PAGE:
• Being unable to move or use your elbow.
  • A feeling of instability or like your elbow is weaker than usual.

What causes elbow dislocations?

Any force that’s strong enough to push your elbow joint out of place can cause a dislocation. The most common causes include:

  • Falls — especially catching yourself or bracing for an impact with your arms stretched out in front of you.
  • Car accidents.
  • Sports injuries.

Grabbing or lifting a child by the arm can dislocate their elbow. This type of partial dislocation is sometimes called nursemaid elbow.

Elbow dislocation risk factors

Anyone can dislocate an elbow, but some people are more likely to experience a dislocation, including:

  • Athletes who play a contact sport.
  • People older than 65.
  • Children younger than 16.
  • People with health conditions that weaken their joint ligaments like Ehlers-Danlos syndrome and joint hypermobility syndrome.
  • People who overuse their elbows, especially doing repetitive motions at work or throwing for a sport.


What are complications of a dislocated elbow?

The most common complications of dislocations are damage to the bones and tissues around your elbow, including:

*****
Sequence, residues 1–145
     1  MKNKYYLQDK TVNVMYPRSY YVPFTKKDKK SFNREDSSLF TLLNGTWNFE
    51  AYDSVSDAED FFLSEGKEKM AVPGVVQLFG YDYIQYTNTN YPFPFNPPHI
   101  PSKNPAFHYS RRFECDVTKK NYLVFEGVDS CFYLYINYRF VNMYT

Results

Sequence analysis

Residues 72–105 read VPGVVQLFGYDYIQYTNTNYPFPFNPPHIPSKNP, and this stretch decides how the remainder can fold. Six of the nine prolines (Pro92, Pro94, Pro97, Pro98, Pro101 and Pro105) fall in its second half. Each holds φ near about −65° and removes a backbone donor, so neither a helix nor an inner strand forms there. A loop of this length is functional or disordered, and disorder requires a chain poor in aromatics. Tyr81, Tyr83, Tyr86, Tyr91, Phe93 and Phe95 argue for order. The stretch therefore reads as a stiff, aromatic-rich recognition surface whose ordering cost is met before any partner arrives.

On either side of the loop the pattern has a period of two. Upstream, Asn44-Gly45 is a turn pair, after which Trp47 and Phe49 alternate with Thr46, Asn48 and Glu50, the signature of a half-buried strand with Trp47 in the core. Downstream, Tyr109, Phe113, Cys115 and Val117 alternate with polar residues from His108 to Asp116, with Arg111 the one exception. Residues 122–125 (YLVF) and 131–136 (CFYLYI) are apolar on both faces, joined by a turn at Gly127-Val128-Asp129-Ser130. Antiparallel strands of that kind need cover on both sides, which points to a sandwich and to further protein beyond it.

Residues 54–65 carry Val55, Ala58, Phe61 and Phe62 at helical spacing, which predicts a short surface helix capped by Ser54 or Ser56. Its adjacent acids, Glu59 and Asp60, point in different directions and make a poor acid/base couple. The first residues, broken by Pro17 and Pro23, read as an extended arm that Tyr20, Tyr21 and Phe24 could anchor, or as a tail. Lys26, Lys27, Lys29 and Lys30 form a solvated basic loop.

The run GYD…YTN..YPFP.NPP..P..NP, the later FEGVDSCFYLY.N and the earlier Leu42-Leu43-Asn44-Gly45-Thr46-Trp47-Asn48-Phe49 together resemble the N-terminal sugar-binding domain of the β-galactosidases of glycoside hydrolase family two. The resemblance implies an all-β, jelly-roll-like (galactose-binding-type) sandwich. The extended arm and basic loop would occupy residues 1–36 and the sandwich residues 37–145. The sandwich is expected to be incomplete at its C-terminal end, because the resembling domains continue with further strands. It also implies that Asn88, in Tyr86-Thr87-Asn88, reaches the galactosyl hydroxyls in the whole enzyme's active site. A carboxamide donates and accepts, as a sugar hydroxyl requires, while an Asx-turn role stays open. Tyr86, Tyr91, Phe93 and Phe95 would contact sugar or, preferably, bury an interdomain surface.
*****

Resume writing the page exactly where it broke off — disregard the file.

Diagnosis and Tests

How are dislocated elbows diagnosed?

A healthcare provider will diagnose a dislocated elbow with a physical exam. They’ll look at your elbow and the rest of your arm. Tell your provider about any symptoms you’re experiencing and what you were doing right before you injured your elbow.

What tests will be done to diagnose a dislocated elbow?

Your provider might need to do some of the following imaging tests to diagnose damage inside your body after a dislocation:


Management and Treatment

How are dislocated elbows treated?

The most important treatment for a dislocated elbow is putting your joint back in its correct place. Your healthcare provider might call this manipulation or a closed reduction. Go to the emergency room right away if you think your elbow might be dislocated.

Don’t try to push your joint back in place by yourself. Don’t let anyone who’s not a trained, professional healthcare provider move or touch your injured elbow. Try to hold your elbow as still as possible and don’t force yourself to use it.

If you try to force a dislocated elbow back in place on your own, you can make your injury worse and damage the tissue around it.

After your provider puts your joint back in place, you might need other treatments, including:

  • Immobilization: Wearing a splint or sling will hold your elbow in place while it heals.